Early chapters of Willie and Bobbie Nelson's shared memoir Me and Sister Bobbie: True Tales of the Family Band chronicle how the siblings' childhood spent with their grandparents in Abbott, Texas sparked their lifelong love of music.
One of the better anecdotes from Willie Nelson's early years reminds us that his first paying gig as a guitarist came playing in a polka band, not with country music ensemble.
A short chapter spanning pages 48-50 (and narrated by Willie in the following audiobook excerpt) tells of pre-teen Willie's live debut with John Rejcek's own family band.
"Couldn't have been older than 11," Willie recalls. "Strumming my Stella guitar, I was surrounded by fiddles, tubas, trumpets and drummers. I had a blast. Not sure how much I contributed to the overall sound, but Mr. Rejcek liked me and let me play along. The gigs were mainly at dance halls in West and Waco where the Czech community turned out in force. I wasn't even a teenager, but because I was standing way in the back of the band, club owners didn't seem to care."
Willie's grandmother loathed smoking, drinking and dancing, so she initially frowned on Willie's first venture into live performing. That is, until the struggling widow found out that he'd been paid $8 cash.
"I didn't have to remind her that eight dollars was my pay for working the fields for a week," he wrote. "I could see that Mama Nelson as shocked. She shook her head from side to side, sighed a deep sigh and then accepted the money. I never did get her approval, but I also didn't get any flak."
Nelson's polka experience introduced him to the rush that comes with live performance, inspiring him to go on and change music forever during his time in Nashville and Austin.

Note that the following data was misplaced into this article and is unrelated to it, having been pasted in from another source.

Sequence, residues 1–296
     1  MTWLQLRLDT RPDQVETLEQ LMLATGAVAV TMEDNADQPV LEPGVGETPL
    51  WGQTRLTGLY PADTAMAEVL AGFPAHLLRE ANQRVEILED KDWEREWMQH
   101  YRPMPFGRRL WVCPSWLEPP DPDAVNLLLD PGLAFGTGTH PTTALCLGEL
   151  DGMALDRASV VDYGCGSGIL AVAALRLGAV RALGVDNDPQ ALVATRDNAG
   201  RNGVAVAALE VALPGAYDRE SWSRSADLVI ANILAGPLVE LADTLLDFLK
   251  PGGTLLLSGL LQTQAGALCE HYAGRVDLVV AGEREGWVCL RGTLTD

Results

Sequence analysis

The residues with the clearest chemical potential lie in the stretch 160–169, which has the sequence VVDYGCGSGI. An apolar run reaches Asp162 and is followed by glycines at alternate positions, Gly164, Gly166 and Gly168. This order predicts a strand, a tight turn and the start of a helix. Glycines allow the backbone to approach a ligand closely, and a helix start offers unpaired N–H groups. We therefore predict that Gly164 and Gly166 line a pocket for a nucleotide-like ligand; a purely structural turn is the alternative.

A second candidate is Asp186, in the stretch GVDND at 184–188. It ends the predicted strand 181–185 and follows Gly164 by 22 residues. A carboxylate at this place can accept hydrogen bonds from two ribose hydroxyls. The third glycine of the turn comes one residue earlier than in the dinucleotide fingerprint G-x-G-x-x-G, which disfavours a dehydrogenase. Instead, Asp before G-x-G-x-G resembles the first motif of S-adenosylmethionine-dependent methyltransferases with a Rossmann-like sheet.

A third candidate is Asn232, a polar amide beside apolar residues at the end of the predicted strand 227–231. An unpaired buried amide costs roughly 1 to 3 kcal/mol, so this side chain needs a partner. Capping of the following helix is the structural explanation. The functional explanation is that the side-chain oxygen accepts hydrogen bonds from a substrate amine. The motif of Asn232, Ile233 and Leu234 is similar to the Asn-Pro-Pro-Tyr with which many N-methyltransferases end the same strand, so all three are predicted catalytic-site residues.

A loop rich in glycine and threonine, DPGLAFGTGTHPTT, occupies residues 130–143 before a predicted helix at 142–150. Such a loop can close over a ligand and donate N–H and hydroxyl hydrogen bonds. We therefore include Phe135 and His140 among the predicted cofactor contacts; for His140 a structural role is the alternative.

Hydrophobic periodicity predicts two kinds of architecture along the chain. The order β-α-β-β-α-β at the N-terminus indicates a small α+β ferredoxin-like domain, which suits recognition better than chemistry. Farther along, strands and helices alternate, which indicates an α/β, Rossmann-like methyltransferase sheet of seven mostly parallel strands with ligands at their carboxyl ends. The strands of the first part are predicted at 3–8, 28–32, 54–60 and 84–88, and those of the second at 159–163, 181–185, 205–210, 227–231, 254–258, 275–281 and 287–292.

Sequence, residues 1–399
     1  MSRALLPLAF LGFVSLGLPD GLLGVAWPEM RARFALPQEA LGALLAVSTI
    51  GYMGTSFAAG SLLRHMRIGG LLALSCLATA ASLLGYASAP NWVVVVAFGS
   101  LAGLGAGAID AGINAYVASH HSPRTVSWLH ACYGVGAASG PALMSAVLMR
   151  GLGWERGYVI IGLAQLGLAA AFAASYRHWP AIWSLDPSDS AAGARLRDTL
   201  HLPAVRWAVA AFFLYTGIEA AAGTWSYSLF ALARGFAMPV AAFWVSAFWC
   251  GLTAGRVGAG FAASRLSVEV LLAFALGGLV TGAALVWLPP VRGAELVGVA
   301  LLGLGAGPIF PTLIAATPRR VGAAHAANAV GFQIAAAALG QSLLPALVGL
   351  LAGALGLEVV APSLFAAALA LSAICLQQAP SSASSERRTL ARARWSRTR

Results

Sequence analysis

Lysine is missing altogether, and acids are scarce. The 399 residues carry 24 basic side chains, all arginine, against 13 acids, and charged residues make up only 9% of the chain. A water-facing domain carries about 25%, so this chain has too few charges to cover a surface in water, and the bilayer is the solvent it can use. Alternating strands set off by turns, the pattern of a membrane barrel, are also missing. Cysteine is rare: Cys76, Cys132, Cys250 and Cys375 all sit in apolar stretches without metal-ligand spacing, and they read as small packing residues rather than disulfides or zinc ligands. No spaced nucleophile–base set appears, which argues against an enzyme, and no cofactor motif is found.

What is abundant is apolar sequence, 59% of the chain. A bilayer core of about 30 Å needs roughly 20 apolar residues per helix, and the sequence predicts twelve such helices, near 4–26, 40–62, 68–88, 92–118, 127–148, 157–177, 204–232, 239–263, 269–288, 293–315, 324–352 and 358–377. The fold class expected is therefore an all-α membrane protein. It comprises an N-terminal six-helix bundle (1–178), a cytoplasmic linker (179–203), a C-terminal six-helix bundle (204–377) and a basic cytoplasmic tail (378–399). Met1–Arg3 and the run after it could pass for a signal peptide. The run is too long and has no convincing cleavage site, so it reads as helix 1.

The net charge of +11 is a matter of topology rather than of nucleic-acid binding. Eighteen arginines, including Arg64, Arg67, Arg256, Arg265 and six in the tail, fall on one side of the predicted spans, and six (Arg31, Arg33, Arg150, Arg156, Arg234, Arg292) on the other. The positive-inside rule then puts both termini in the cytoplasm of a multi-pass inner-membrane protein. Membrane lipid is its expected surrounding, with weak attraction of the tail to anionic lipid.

"I loved looking out at the crowd and seeing everyone dancing up a storm," he wrote. "At this tender age, I already knew this was what I wanted to do. Everything about music felt right. Even music from a foreign land sung in a foreign language didn't feel foreign to me. I got into it. Made me feel good, not only to play it, but to watch folks dancing their polkas and waltzing their worries away."
The career highlights that followed Willie's polka period, from Patsy Cline's "Crazy" and outlaw country to Stardust and Farm Aid, need no introduction for even the most casual followers of popular music.
Willie Nelson revisited his earliest live music memories with "Beer Barrel Polka," which appears on his 1983 album Tougher Than Leather and as the B-side of the album's Top 10 single "Little Old Fashioned Karma." Bobbie composed the traditional polka tune's new arrangement.
Tougher Than Leather was Nelson's first collection of all-new material since his Columbia Records debut, 1975's The Red Headed Stranger.
Willie and Bobbie co-wrote their 2020 memoir with David Ritz, a collaborator on Willie's prior autobiography A Long Story: My Life.